Quebec Winter Carnival – Frosty Fun For All
Hosted by the lively winter spirit Bonhomme,
the Quebec Winter Carnival is a once in a lifetime, family-friendly experience. This traditional snow festival, taking place February 7-16, 2020, dates back to 1894, and is thought to be the inspiration of 19th century Canadians looking for a way to celebrate (and not just survive) the long winter. Situated in the old city in the heart of Quebec, guests can walk the carnival grounds in search of Bonhomme, who is just as popular with locals as Santa Claus, and take in the welcoming nature and beautiful sights of Quebec’s capital city, all while celebrating winter’s delights. Featuring an ice palace, winter sports and games, carnival rides, and a plethora of traditional Quebecois winter foods, there is fun for everyone.
What To Do
With so much fun to choose from, you won’t have any trouble filling your time! Start your day at Bonhomme’s Winterland, which features a wide range of family-friendly activities, including a giant ice slide, carnival rides (check out that ferris wheel!), games like giant foosball, and a professional snow sculpture competition. Then, head over to the ice palace, where you can meet and selfie with the (snow)man himself! At night, you can return to the ice palace for a dance party to keep the fun going while you wait for the night parades to start. The hour-long parades feature music, dancers, and illuminated floats, and are a Carnival must-see.
What To Eat
At the Quebec Winter Carnival, what you eat is just as important as what you do! While you walk, be sure to nosh on a stick of maple taffy. A staple at this snow festival, a taffy maker will drizzle cooked maple syrup over snow; the snow will then begin to harden into a gooey, delicious candy, which is then rolled up onto a stick for you to enjoy! When the cold bites, adults can enjoy a mug of warm Caribou, a traditional mixed drink of brandy, red wine, spices, and a dash of – of course! – maple syrup. For the little ones, a hot chocolate will warm up those chilly fingers.
What To Wear
Quebec in winter is very cold, so pack those warm layers! You’ll be certain to want a hat and gloves, and in addition, many Carnival-goers don a traditional 19th century arrow sash. Its unique arrowhead weaving design is credited to indigenous Canadians and thought to be a combination of Native American and French-Canadian weaving techniques; the Winter Carnival has kept this piece of local history alive, and they can be purchased at many shops across the city and at the Carnival for a bit of extra festive flair.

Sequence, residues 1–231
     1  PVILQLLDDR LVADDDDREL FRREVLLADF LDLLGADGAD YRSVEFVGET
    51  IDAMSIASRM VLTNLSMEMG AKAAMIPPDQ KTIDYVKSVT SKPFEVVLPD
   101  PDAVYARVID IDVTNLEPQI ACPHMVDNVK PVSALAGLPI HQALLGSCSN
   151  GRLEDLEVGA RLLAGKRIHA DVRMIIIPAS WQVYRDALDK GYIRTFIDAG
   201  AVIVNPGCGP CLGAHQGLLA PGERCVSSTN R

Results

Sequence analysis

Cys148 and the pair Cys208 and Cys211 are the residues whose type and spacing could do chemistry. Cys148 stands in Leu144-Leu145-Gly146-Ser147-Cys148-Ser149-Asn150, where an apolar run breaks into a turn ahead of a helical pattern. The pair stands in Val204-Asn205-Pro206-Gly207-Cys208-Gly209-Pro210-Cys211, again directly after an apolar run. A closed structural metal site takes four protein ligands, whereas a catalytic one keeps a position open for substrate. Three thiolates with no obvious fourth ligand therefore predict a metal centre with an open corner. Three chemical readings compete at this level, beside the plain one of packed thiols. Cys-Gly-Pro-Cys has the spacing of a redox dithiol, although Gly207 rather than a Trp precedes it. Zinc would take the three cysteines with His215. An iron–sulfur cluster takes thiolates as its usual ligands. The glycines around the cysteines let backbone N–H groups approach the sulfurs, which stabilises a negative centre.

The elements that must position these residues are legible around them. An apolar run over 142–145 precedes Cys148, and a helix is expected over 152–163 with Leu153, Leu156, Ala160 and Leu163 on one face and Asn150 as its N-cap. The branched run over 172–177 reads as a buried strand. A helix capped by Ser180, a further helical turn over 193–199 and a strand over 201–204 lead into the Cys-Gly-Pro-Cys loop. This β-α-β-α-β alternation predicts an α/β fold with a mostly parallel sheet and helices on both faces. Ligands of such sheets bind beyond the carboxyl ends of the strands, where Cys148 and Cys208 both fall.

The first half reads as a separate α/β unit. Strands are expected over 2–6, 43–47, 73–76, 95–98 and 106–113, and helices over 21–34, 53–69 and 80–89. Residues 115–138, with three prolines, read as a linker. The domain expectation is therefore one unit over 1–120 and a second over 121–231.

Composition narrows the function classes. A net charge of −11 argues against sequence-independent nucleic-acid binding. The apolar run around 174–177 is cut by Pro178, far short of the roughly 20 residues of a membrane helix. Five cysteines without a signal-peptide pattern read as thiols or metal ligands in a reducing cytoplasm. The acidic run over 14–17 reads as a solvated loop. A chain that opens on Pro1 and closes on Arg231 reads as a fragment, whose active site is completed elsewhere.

Prices, Travel, and Accommodation
Visitors age 12 and up need an official Carnival Effigy to access most events. Effigies can be purchased online or at participating Couche-Tard shops ($10 through 1/19, $20 from 1/20 onwards) or on site at the Carnival. For $45, a Full Carnival Pass includes the Effigy and a Carnival tuque (knit hat), maple taffy, a glass of Caribou (or nonalcoholic equivalent), and either a coffee or a hot chocolate. Once purchased, the Effigy can be used across multiple days for the entire duration of the festival.
Getting to Quebec is easy, with international flights landing daily from most major cities. From the airport, a taxi to the city center is around $60, or budget-savvy travelers can take a bus for only $3. Once in old Quebec, it’s easy to get around by taxi, uber, or on foot. While the Quebecois are very proud of their French language (further enshrined by many laws requiring its use) almost everyone a tourist will encounter speaks English as well.
Hotel options are abundant across all budgets. Within in the Old City, luxury travelers may enjoy the classic, posh Auberge Saint Antoine ($350/night) while budget minded visitors may prefer Hotel Le Priori ($175/night). First time visitors with a taste for the historic should consider the Fairmont Le Chateau Frontenac: a historic grand railroad hotel and main feature of Quebec’s skyline, no trip is complete without a visit and tour, and at around $175 a night, guests can immerse themselves in this 1893 masterpiece without breaking the bank. Regardless of where you stay, it’s best to book now – the Winter Carnival is one of Quebec’s most popular attractions, and hotels fill up quickly.
Whether you’re a solo traveler or a family of ten, Quebec’s Winter Carnival has something for everyone to enjoy!